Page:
Gastric hyperacidity

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1. Overview

The term ‘gastric hyperacidity’ is used in some medical contexts to describe an imbalance present in the stomach. Beyond the obvious pathological effects such as ulcers and gastroesophageal reflux, the professional studies have described more systemic effects.

For example, inadequate digestion (caused by hyperacidity) affects the gastrointestinal tract. If food remains undigested in the lower part of the stomach due to hyperacidity, upper section of the small intestine (duodenum) may be irritated.

The exception is the situation when hyperacidity is quickly neutralized. Constipation is a common consequence of poor digestion and undigested foods.


1. Overview
2. Causes
3. Treatment options

2. Causes

Hyperacidity can be triggered by a variety of factors, including:

- Diet containing acidic foods – experts recommend a diet of 80% alkaline ratio for most of people, a diet that includes a larger amount of fruits and vegetables (which are alkaline) and a small amount of acidic foods such as meat, sweets, starch etc.

- Improper food combining – even slightly alkaline or acidic foods can cause gastric hyperacidity when combined inappropriately. The most obvious example is the combination of citrus and grain. Chemicals necessary for digestion of citrus and grain are incompatible, stimulating the production of gastric acids.

- Negative emotions – when an angry or upset person eats may experience gastric hyperacidity.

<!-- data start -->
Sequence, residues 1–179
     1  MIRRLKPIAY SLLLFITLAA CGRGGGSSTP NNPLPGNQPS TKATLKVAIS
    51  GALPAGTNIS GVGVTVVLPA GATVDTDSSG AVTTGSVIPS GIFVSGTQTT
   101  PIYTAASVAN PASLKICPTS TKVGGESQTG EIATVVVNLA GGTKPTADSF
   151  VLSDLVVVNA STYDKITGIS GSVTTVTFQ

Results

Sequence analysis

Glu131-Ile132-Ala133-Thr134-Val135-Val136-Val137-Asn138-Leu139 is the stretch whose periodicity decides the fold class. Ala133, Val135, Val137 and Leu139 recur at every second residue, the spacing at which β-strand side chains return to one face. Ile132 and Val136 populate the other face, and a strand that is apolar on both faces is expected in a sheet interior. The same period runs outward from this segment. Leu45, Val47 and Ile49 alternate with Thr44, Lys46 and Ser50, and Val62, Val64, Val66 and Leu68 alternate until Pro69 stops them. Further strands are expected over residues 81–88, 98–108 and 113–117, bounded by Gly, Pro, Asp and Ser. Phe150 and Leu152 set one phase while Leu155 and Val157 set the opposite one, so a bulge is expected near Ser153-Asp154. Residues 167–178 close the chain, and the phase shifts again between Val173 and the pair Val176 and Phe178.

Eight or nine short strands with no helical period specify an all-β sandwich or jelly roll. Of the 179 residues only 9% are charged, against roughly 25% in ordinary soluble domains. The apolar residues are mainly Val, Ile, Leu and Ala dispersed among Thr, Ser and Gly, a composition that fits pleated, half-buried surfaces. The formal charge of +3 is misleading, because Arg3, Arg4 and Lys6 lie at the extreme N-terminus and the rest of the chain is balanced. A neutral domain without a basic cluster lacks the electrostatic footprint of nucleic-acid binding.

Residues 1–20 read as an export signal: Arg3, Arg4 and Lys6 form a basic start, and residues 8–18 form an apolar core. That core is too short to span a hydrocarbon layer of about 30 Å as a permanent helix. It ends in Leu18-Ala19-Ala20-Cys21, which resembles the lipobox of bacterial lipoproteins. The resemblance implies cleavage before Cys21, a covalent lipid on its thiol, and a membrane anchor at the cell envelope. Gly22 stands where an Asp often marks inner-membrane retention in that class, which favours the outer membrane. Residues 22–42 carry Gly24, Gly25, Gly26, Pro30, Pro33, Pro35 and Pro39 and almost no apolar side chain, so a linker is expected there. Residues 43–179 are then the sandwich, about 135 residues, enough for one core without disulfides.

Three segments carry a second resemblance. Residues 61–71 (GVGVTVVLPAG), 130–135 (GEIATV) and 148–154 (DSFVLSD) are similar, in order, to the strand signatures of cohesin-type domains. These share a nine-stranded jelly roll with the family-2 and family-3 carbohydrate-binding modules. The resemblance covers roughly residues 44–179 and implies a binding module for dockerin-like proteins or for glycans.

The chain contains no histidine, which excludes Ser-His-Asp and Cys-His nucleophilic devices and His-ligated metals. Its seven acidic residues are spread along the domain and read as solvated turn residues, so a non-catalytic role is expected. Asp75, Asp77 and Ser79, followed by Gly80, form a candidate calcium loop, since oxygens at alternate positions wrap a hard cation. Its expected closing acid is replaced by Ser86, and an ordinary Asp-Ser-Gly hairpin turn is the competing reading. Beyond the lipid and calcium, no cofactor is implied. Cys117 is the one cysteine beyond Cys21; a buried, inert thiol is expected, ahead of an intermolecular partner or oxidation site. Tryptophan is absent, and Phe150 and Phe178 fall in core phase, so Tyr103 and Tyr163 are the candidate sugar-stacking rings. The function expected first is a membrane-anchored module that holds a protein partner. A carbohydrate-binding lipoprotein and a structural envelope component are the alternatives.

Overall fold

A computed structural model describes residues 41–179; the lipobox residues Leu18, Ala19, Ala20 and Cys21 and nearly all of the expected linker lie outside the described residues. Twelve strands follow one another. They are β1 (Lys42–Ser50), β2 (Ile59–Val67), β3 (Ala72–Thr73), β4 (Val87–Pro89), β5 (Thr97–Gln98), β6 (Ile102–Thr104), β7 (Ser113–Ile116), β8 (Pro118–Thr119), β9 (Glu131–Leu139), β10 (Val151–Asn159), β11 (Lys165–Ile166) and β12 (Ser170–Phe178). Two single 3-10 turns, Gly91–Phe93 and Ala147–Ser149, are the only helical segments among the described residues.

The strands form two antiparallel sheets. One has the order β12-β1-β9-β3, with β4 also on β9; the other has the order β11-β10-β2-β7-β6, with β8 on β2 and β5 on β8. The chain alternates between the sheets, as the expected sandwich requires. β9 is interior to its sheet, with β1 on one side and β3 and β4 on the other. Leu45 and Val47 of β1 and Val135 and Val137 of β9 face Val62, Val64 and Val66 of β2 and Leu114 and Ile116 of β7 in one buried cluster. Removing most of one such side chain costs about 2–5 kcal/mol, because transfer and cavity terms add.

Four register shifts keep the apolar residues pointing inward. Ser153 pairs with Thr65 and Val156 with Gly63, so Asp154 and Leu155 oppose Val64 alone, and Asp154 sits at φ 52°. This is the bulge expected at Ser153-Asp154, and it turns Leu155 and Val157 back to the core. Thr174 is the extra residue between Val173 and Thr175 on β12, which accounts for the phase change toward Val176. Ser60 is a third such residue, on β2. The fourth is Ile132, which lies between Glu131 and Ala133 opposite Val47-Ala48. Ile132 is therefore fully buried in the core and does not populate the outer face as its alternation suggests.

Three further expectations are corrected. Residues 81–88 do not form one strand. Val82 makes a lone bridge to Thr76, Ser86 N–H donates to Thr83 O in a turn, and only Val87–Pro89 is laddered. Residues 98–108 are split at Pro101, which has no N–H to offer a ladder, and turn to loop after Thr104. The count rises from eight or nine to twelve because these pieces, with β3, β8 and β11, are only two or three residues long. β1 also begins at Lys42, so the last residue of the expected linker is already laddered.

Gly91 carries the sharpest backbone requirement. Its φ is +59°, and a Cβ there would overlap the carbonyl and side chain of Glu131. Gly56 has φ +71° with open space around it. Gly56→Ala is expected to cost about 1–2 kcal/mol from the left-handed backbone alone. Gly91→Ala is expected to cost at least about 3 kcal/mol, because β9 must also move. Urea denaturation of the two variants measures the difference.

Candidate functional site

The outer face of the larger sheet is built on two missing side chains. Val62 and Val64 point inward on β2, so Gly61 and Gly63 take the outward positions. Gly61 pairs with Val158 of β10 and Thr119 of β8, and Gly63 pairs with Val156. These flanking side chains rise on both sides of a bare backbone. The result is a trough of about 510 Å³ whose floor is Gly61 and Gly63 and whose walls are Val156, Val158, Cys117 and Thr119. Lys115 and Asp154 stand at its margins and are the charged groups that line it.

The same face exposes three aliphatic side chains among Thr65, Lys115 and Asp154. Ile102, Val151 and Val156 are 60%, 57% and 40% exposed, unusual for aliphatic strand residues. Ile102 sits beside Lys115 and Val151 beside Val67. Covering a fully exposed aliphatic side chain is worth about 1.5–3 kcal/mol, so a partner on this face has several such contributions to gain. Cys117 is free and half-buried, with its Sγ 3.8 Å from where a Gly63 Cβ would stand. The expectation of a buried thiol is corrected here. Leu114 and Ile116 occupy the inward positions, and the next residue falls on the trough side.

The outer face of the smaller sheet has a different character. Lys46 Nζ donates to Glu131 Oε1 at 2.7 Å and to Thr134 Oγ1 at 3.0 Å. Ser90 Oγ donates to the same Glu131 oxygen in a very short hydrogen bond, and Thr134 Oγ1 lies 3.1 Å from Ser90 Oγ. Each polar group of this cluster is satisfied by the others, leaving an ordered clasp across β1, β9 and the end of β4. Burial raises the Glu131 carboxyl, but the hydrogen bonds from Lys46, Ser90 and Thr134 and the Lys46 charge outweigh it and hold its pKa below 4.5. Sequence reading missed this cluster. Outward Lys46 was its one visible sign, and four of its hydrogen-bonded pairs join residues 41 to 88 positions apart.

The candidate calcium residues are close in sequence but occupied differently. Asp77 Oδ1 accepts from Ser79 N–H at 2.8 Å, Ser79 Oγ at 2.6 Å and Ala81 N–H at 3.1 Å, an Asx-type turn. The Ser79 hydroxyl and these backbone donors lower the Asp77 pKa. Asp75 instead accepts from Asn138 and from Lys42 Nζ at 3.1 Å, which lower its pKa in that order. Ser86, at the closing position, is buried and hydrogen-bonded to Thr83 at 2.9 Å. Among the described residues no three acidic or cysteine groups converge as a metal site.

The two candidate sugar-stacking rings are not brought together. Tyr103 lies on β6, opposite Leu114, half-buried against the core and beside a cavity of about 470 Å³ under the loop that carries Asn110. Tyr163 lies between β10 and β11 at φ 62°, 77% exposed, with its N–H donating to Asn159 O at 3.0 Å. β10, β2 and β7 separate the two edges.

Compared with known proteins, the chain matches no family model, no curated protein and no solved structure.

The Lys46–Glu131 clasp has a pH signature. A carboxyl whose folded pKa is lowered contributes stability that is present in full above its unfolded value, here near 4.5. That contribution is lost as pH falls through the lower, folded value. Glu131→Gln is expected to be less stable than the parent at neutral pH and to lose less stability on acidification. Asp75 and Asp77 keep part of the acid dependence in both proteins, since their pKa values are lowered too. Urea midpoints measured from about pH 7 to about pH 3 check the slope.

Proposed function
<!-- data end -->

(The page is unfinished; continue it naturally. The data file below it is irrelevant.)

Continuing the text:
- Nerve reflexes- the nerve reflexes corresponding to the cervical and thoracic spine affects gastric secretions. Some experts associate gastric acidity with such somatic dysfunction.

3. Treatment options

- Diet – To avoid gastric hyperacidity it is recommend to follow a balanced diet rich in alkaline foods (fruits and vegetables) and plenty of plain water (6-8 glasses a day).

- Food supplements – Experts recommend a variety of dietary supplements to relieve symptoms of gastric hyperacidity. The most commonly used are: lactate of pepsin, bismuth milk, magnesium milk, saffron tea, olive oil in small doses, elm bark, etc.

- Manual therapy – Spine manipulation to remove pressure on the nerve centers that regulate gastric secretions is recommended by many experts. Centers from the cervical and thoracic (dorsal) area are the most important in this situation.

- Hydrotherapy – Constipation and systemic toxicity are often the result of gastric hyperacidity. Improper digestion and assimilation of food can clog and poison the intestine. Colonic irrigation or enemas were recommended as solutions to such problems.



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